Tuesday, September 5, 2017

Power vs. Power!


Following issue #16 of Luke Cage, Hero for Hire, the title character was crumpling his copy of "The Daily Bugle" and venting his frustrations while wondering how he could latch onto his share of the press that all of the other comic book titles heroes in New York City were benefiting from. Welllll, just a thought, Mr. Cage, but could your fellow heroes be enjoying public acclaim because they don't list their services in the Yellow Pages? Incredibly, that thought doesn't even cross your mind, as you go down the list of ways you could change your image.



Finally, it's during a battle with a foe who had manipulated you into battling Iron Man when inspiration strikes:



Ordinarily, the name that Cage has stumbled on might do the trick. "Power Man" is certainly news-ready, and is bound to elicit more favorable attention than someone who fights the good fight as a hero for hire. Unfortunately, there's already someone who was given the name (by a goddess, no less) that Cage wants to claim for his own--someone whose criminal career has hit the skids and isn't about to let his name be usurped by a johnny-come-lately who wants to use it to build his rep.

In other words, get ready to rumble, Cage!


(By the way, have fun explaining to the press why you chose a villain's name as your new handle!)



Power Man has of course seen better days--once favored by the Enchantress to defeat the Avengers, but who's been reduced to either partnering with other criminals like the Swordsman or acting as hired muscle for heavy hitters such as the Mandarin. What's left for him, if not his name? (Yes, I know what you're thinking, but, unlike Cage, Power Man probably advertises his rates discretely; besides, "Power Man--Villain for Hire" sounds more like a hand-written ad that he'd post on the cork board at the Bar With No Name.)

At any rate, Cage turns out to be easy enough for Power Man to stalk, eventually showing up at his friend D.W.'s movie theater. But the double feature today is rescheduled at the last minute by two human blockbusters, one of whom has a chip on his shoulder.



The marquee value of the issue speaks for itself, for those who remember just how powerful Power Man was created to be. Cage has his work cut out for him, going up against someone who was created to be the equal of Wonder Man. And even though Cage has gone toe-to-toe with the likes of Iron Man and Dr. Doom, he's simply not in Wonder Man's league.





(Decked you with his left, Mr. Cage.)


But Cage does have two things going for him... his steel-hard skin, for one; but more importantly, he's in a fledgling title that has already changed its masthead once to boost sales and, with its 50th issue, will do so again. And while Cage going down in defeat would make for higher drama and a better overall story, just as it did in other titles such as Mighty Thor and Fantastic Four, the team behind Power Man probably weren't about to risk a drop in sales by having their new and hopefully rising hero be outclassed by someone attempting to take his new name away from him.






So while it stretches credulity to see Power Man take a beating from Cage, while Cage comes to withstand Power Man's blows seemingly without breathing hard, this fight was likely rigged in Cage's favor from the start. On the other hand, it's too bad the Gem Theater's audience didn't stick around for the show--talk about getting more bang for your buck.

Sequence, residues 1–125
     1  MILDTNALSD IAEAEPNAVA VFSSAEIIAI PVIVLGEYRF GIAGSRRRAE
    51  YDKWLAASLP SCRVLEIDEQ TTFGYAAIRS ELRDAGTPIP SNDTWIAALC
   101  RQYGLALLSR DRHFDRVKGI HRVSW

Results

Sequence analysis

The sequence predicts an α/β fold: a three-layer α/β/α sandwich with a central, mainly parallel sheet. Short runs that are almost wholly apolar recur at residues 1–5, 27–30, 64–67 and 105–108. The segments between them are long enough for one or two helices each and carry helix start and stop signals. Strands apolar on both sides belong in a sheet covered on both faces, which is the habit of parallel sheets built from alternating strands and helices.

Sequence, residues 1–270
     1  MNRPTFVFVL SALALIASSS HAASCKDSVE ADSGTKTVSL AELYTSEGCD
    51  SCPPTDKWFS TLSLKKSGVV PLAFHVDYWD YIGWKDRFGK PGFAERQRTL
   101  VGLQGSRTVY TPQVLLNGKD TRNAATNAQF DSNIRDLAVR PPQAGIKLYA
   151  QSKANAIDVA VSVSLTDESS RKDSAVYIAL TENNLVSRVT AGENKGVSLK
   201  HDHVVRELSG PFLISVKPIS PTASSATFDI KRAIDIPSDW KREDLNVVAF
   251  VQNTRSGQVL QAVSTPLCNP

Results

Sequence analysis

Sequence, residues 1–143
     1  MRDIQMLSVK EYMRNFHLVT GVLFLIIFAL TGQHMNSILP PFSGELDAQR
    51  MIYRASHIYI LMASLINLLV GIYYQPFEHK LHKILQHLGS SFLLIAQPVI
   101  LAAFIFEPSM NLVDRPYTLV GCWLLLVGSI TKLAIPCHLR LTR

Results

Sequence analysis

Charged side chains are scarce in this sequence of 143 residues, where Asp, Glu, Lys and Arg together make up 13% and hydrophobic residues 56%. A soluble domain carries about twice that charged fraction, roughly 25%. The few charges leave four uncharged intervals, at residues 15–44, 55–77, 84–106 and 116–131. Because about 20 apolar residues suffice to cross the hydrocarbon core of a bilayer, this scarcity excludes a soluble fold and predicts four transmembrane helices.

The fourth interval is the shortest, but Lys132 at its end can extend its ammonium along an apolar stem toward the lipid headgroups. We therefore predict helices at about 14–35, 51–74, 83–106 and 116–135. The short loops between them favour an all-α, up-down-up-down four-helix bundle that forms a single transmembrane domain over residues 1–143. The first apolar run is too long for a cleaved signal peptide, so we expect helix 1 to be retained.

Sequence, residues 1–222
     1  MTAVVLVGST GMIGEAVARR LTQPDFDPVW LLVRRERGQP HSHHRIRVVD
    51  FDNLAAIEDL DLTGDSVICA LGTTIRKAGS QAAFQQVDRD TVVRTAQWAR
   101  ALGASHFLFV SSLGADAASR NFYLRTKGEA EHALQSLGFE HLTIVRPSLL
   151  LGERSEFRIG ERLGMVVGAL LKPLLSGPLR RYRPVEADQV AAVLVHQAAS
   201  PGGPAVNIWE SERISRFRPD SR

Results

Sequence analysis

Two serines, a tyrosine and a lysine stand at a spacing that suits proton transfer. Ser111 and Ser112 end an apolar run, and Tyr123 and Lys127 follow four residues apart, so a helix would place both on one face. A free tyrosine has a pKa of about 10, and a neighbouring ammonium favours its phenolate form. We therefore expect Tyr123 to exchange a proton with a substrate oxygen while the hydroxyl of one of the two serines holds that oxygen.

No, I don't know why Power Man wouldn't be as invulnerable as Wonder Man--and at this moment the poor guy is probably wondering the same thing.

Luke Cage, Power Man #21

Script: Tony Isabella (plot by Len Wein)
Pencils: Ron Wilson
Inks: Vince Colletta
Letterer: Tom Orzechowski

4 comments:

George Chambers said...

Wonder Man once referenced the differences between himself and Power Man as (more or less) "You didn't mutate - you didn't die!" I think that's the key as to why Josten didn't become as tough as Williams. Possibly, when transforming Josten, the Enchantress deliberately left the process incomplete so her stooge wouldn't get ideas above his station - or maybe Asgardian sorceresses just aren't that good with technology.

Comicsfan said...

I don't know, George. The Enchantress was indeed worried about the possibility of betrayal when she empowered Josten, just as Wonder Man had betrayed the Masters of Evil in their confrontation with the Avengers. But she concluded that Josten, unlike Simon Williams, "love[d] life too much to willingly give it up"; and since the plan was to send Power Man against the Avengers and this time prevail, it doesn't stand to reason that she would make him any less powerful than the one who came so close to defeating them before. (Isn't it funny that the Enchantress needed Zemo's machinery to create a super-villain? You wouldn't catch Loki turning knobs and flipping switches.)

Anonymous said...

This was my favorite issue of Hero for Hire/Power Man/PW&IF, just a fun little one and done with some of Luke's most memorable lines outside of the Doctor Doom issues. I got a big kick out of the crack about 50-50 odds against Moms Mabley and the last page where he's suggesting to the unconscious Erik Josten a few names can use instead of Power Man.

Incidentally a few years later Josten turns up in a few issue of Peter Parker, The Spectacular Spider-Man using the name "The Smuggler" and one of the plot points is that his power has been fading over the years and now he's not much stronger than a peak conditioned human.

Great blog, you'e inspired me to dig out this issue and give it a read soon.

Chuck

Comicsfan said...

Thanks very much, Chuck! Glad you enjoyed the post.

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